Celecoxib (Celebrex) is an oral, non-steroidal anti-inflammatory drug (NSAID). This class of medications typically inhibits two major isozymes: COX-1 (responsible for platelet aggregation, kidney perfusion, and gastrointestinal mucosa protection) and COX-2 (produced as a result of tissue damage to mitigate the inflammatory response). By selectively inhibiting COX-2, celecoxib tries to avoid the platelet and GI-related sequelae inherent to many NSAIDs.

Over a decade ago, rofecoxib (Vioxx), another selective COX-2 inhibitor, was withdrawn from the market due to concerns about increased risks of acute myocardial infarction and strokes; however, a fair amount of literature regarding celecoxib’s safety profile (ie, the PRECISION trial) seems reassuring.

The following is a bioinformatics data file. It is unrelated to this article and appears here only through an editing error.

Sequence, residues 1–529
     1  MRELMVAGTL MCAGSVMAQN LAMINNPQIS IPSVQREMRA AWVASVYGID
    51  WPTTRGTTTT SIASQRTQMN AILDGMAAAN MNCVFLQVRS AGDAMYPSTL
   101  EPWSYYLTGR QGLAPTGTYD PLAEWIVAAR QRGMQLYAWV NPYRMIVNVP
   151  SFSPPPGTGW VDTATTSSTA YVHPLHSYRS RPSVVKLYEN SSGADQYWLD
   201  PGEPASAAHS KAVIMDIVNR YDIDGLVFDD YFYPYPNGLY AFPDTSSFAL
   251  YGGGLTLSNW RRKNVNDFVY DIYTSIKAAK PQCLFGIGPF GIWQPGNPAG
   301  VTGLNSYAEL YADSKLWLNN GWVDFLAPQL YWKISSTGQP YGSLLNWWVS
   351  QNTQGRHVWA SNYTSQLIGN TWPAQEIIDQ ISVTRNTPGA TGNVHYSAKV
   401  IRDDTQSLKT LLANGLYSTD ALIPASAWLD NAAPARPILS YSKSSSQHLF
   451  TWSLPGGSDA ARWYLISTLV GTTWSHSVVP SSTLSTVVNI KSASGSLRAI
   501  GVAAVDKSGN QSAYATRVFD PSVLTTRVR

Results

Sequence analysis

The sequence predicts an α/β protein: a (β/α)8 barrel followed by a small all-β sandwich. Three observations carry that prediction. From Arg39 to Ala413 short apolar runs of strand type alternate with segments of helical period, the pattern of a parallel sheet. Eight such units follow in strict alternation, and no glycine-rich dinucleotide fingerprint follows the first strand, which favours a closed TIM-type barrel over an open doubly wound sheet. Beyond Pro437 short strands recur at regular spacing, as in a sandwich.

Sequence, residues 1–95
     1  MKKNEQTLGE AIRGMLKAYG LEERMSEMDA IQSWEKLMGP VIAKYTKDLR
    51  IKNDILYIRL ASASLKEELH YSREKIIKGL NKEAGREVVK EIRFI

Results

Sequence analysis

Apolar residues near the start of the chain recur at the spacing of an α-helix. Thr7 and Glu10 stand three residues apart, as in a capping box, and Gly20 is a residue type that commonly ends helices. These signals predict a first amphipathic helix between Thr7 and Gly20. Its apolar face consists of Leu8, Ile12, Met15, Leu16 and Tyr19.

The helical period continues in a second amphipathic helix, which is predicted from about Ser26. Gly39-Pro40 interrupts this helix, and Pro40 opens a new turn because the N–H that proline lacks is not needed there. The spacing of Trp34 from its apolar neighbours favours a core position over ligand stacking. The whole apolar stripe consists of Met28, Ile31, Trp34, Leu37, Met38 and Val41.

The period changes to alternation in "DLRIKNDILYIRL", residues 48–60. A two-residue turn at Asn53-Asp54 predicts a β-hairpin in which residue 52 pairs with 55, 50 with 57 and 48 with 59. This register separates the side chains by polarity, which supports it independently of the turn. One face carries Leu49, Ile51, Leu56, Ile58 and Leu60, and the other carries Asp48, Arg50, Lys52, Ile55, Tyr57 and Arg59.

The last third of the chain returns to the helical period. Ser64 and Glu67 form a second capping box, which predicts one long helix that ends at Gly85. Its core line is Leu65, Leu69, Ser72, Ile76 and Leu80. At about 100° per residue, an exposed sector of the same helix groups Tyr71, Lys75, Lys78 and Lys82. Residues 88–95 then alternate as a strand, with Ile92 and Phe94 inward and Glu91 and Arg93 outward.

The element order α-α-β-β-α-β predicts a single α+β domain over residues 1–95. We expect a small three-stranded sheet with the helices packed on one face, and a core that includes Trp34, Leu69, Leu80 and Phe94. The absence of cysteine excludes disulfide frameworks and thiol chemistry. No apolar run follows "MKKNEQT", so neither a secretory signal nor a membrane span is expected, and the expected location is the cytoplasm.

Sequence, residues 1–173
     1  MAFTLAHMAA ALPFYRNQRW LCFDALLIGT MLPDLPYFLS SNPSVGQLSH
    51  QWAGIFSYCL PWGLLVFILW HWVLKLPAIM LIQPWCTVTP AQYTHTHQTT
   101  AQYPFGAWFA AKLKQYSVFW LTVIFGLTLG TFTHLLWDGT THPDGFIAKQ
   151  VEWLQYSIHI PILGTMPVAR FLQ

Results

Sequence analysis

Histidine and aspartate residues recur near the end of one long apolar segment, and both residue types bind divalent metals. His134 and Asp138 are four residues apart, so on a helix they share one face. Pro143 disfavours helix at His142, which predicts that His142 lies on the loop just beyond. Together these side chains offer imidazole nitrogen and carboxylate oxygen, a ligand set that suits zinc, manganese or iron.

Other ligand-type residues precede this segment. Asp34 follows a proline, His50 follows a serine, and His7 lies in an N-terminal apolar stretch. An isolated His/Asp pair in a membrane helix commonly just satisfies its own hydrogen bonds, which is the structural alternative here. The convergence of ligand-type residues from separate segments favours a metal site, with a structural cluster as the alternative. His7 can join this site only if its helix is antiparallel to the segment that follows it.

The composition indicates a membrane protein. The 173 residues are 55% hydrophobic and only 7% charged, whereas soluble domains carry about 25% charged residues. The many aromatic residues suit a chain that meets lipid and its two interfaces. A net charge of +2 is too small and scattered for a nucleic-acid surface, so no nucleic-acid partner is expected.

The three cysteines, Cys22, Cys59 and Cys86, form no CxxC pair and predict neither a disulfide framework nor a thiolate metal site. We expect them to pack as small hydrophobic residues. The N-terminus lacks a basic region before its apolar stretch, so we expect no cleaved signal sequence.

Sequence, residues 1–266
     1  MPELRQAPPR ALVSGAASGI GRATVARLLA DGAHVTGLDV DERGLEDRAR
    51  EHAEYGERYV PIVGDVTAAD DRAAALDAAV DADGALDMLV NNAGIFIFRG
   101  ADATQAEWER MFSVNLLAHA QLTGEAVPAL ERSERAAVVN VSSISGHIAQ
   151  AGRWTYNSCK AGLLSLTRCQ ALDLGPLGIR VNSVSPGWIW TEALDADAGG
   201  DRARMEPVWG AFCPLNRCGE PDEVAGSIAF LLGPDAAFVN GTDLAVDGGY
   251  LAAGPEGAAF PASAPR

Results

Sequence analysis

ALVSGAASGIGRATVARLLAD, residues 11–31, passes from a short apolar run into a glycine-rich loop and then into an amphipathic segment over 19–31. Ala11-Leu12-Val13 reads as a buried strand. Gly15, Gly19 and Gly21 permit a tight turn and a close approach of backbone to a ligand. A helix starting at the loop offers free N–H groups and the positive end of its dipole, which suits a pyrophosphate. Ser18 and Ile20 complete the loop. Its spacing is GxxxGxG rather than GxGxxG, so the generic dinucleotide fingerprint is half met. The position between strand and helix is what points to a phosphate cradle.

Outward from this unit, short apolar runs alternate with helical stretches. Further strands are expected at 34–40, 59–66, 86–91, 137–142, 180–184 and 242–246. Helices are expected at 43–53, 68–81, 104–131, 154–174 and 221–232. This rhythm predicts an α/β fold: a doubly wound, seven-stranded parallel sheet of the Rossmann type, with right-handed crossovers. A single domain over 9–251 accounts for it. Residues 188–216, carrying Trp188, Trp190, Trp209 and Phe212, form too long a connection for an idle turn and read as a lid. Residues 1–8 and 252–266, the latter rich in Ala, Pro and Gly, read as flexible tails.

As an anesthesiologist, I routinely use celecoxib as a preemptive analgesic adjunct (especially in enhanced recovery protocols); however, just like any other medication, it’s important to weigh the pros and cons in the context of a patient’s comorbidities and alternative options.

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